Figure 6: Root mean square error (RMSE) for different DNI, , and SF levels for the proposed model for the HCPV considered.

In addition to the analyses conducted, a comparison between the results obtained with the proposed model and the results obtained using models based on (1) and (2) has been carried out, as shown in Table 4. As can be seen, the proposed model significantly improves the results of the model based on (1). This can be explained since this model does not take into account any spectral correction. Regarding the comparison with the model based on (2), the proposed model also improves the results which demonstrates the better performance of the proposed model based on an additional spectral correction based on AOD550. It is important to note that Jaen is a nonindustrialized medium-size city with low-medium values of aerosol optical depth as shown in Figure 4(d). Because of this, although the proposed model has a better performance, the results obtained with the model based on (2) and on (3) are similar. However, the proposed model is expected to significantly improve the results of the model only based on AM correction at locations with high turbidity where the AOD plays an important role on the performance of HCPV modules [15].

Table 4: Root mean square error (RMSE), mean absolute error (MAE), mean bias error (MBE), and determination coefficient () obtained for the three models described in Section 2.

5. Conclusions

In this paper a mathematical model for estimating the maximum power of a HCPV module has been introduced. Following the approach presented by Fernández et al. [14], the proposed model is based on atmospheric parameters and simple mathematical equations in order to facilitate its application. The model introduces a new spectral correction based on aerosol optical depth, so that is valid for sites with high turbidity. The analysis of the results shows that the model has a good performance in the prediction of the maximum power of a HCPV module with a RMSE = 2.67%, a MAE of 4.23 W, a MBE of around 0%, and of 0.99. Furthermore, the model improves the results obtained with the model previously introduced by the authors only based on an air mass correction. So the model can be considered as a new useful tool for the prediction of the electrical output of HCPV modules under diverse climate conditions.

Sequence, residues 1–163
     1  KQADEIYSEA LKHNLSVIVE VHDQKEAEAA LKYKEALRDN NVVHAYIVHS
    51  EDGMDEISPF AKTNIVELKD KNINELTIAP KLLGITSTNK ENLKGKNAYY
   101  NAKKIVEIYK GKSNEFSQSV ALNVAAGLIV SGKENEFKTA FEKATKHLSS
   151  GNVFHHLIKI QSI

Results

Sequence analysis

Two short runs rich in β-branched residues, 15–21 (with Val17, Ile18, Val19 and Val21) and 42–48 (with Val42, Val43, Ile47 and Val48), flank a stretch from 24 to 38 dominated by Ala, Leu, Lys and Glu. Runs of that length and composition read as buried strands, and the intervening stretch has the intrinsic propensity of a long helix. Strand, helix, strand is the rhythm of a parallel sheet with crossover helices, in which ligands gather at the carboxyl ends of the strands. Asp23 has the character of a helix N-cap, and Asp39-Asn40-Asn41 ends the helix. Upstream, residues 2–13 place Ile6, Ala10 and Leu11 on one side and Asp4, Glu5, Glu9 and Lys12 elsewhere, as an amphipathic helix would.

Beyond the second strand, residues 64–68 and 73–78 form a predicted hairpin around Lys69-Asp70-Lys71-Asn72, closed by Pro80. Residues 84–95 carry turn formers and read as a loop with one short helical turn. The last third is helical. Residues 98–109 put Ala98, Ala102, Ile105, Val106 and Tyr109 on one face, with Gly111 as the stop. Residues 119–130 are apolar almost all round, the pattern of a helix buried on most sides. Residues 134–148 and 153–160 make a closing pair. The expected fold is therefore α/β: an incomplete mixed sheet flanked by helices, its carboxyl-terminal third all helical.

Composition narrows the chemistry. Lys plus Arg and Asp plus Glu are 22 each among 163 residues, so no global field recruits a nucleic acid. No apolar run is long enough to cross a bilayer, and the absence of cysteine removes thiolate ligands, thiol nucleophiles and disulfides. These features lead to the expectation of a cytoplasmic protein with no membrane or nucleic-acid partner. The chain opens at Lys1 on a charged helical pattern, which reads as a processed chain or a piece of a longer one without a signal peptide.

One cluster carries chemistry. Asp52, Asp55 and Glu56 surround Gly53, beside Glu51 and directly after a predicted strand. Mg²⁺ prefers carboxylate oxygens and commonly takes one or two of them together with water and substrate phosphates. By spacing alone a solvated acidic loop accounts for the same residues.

Conflict of Interests

The authors declare that there is no conflict of interests regarding the publication of this paper.

Acknowledgments

Partial funding for this study was provided through EPSRC funded BioCPV (EP/J000345/1) project. Also, this work is part of the project “Desenvolvemento de novos conceptos baseados en tecnoloxía de concentración fotovoltaica para a produción de enerxía eléctrica adaptados a distintas zonas climáticas,” through the program “Formación Posdoutoral do Plan Galego de Investigación, Innovación e Crecemento 2011–2015 (Plan I2C)” funded by the Xunta de Galicia and by the European Social Fund.